1.1. Economic Planning in India: A brief history At independence, the Indian national government adopted a planned approach to development. The Five-Year plans were framed around economic sectors, and outlined specific measures that the government could undertake to promote particular areas of the Indian economy: for example, agriculture and heavy industry formed a significant proportion of the earlier plans (Corbridge and Harriss, 2000). The first three of these National Five-Year plans concentrated almost exclusively on economic and financial planning while largely ignoring the relationship between economic development and spatial planning (Jakobson and Prakash, 1967). Subsequent plans did focus more on urban development, but within a sectoral framework. A review of the Five-Year plans shows that a large proportion of new urban settlements in India emerged as a result of the decision to promote industrialisation in backward regions of the country, and that urban planning and policy for these settlements followed much after industrialisation.

Moreover, since the Five-Year plans had a sectoral outlook, the little that was

–  –  –

granted to urban development fell through the cracks between different sectors (Chandrashekhar, 2010; Sivaramakrishnan, 1978).

As a result of growing concerns around urbanisation and related issues, the Planning Commission established the National Commission on Urbanisation (NCU) in the late 1980s to study various aspects of Indian urbanisation. The NCU published its final three-volume report in the late 1980s. The report focuses on several key areas, which remain concerns till today, such as the spatial structure of urbanisation, urban poverty, land and housing, and the planning, finance, and management of urban settlements (Mehta and Mehta, 1989).

1.2. The changing nature of India’s urbanisation Since the economic reforms of the 1990s, there has been a renewed focus on urban India. The majority of these economic reforms benefited urban areas in India (Shaw, 2007). As Indian economic policy encouraged privatisation, urban regions emerged as key sites for economic growth (Dupont, 2011; Sankhe et al., 2010).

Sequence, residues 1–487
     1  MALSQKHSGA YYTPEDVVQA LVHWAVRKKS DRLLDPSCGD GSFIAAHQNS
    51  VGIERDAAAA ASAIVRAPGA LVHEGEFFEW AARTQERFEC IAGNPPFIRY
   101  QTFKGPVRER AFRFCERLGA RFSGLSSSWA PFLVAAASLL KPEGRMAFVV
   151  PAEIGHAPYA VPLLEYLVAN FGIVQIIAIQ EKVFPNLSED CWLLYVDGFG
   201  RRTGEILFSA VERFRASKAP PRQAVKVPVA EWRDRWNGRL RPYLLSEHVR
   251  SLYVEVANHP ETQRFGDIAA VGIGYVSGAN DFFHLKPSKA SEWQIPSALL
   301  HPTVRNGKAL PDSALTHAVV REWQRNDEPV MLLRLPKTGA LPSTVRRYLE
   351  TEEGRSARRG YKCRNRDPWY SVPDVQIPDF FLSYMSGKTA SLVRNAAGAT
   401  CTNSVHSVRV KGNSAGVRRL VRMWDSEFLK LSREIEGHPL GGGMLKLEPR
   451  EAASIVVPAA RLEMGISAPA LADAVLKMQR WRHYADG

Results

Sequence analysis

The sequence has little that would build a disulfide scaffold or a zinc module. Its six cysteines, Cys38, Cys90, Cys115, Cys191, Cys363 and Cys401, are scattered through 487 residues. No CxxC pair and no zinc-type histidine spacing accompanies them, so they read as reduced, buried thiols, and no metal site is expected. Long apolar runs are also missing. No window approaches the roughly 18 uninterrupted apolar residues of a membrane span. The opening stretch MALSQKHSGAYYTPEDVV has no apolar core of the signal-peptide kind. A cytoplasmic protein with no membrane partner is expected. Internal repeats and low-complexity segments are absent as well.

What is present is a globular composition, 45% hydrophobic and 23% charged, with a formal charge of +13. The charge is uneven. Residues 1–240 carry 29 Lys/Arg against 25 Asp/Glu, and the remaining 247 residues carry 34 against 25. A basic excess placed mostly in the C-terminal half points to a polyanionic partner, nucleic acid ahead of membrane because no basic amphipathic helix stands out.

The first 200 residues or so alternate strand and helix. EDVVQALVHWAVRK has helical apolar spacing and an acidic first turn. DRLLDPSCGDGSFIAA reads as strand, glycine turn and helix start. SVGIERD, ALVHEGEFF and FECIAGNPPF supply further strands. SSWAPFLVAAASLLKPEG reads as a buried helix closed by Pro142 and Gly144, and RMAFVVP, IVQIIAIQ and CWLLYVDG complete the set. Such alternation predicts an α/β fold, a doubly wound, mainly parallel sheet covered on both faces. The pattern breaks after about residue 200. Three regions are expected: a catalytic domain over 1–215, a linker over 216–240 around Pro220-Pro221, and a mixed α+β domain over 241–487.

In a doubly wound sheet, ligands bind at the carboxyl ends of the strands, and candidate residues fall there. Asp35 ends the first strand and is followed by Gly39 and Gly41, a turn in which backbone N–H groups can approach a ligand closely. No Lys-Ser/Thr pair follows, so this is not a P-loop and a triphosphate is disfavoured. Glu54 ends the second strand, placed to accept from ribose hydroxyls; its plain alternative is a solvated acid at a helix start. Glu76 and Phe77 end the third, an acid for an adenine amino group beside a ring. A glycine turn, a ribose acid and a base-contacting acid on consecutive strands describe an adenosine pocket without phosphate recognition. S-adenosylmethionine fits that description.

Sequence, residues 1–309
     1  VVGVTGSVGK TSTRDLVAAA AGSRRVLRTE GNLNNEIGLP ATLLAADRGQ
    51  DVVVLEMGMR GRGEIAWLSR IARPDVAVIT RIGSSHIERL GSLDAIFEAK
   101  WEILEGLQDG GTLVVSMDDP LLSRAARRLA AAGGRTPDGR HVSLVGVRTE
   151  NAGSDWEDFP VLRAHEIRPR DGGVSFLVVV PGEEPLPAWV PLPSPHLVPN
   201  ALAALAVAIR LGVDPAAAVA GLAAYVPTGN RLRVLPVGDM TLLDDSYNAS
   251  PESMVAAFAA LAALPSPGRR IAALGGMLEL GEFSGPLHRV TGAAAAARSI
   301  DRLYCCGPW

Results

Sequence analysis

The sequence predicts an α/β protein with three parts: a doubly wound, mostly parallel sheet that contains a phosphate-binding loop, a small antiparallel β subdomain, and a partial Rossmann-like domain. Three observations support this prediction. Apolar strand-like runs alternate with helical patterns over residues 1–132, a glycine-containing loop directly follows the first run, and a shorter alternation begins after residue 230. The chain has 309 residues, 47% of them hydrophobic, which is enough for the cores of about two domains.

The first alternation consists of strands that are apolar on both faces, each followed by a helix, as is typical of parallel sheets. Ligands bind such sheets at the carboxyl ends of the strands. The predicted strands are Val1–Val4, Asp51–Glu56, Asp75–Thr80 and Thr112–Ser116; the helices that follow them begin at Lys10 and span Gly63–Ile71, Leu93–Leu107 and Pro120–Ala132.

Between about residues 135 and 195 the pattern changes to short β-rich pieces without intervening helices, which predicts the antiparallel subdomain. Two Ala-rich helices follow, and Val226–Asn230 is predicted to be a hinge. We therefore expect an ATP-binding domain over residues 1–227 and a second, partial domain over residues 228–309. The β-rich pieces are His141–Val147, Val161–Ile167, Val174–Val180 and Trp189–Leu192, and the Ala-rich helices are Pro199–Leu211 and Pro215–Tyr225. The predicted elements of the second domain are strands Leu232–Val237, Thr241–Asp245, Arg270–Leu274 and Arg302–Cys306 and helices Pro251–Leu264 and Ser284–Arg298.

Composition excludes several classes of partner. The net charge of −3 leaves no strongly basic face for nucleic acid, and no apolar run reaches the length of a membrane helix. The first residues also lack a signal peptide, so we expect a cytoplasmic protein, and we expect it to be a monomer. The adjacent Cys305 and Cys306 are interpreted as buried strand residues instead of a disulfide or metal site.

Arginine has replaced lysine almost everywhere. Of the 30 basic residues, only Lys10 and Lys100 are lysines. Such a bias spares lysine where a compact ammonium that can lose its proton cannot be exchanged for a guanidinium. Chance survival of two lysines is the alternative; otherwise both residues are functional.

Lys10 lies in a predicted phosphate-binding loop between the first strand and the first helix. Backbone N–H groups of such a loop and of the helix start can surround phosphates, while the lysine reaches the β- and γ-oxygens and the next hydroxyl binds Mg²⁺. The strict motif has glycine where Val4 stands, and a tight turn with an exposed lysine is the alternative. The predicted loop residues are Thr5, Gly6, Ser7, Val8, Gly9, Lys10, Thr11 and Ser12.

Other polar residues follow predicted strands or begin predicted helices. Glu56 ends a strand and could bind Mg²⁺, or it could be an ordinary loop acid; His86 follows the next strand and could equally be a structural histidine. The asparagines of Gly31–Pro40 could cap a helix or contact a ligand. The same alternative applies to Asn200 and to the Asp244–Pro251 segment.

Following on the heels of the economic reforms, several fundamental legislative changes were implemented, particularly targeting urban regions: the 74th Constitutional Amendment Act (1992) mandating the devolution of power to local governments and municipal authorities, and the repeal of the ULCRA that regulated the amount of land individuals were allowed to hold and develop in urban areas. In recent times, the urban has started to command a place of priority in policy and economic development.

The nature of Indian urbanisation itself is changing. During the last decade however, as Figure 1.1 explains, nearly 30 per cent of urban growth was, in fact, due to ‘in-situ’ (Pradhan, 2013) or ‘subaltern’ urbanisation (Denis et al., 2012b), i.e. the reclassification of existing settlements into ‘census towns’ according to Census of India criteria, and not because of rural to urban migration, or growth in the larger

Draft: Do not cite without permission

Indian cities.3 The share of migration in driving urban growth has stayed fairly stable, at around 22 per cent. However, the share of natural increase in urban growth dropped from 59 per cent between 1991 and 2001 to only 44 percent between 2001 and 2011.

Figure 1: Components of urban growth.

–  –  –

Source: (Anand et al., 2014b); Figures for 1971–81 to 1991–01 are from High Powered Expert Committee (HPEC) (2011), figures for 2001–11 are from Pradhan (2013) However, a large number of the settlements that have now been reclassified are urban in character, but lack the governance structures that urban areas require.4 Moreover, the census towns are only one kind of urban settlement that has emerged in India over the last decade. The Government of India has also begun to promote specific types of industrial and economic development policies over the last couple of decades that have led to the emergence of different kinds of settlements; the idea is that these will simultaneously meet the goals of industryled growth and create alternative urban settlements, which will help decongest The Census of India criteria for being classified as a town are that the settlement has population greater than 5,000; density greater than 400 persons per square kilometre; and at least 75 per cent of the male main workforce is engaged in non-agricultural pursuits.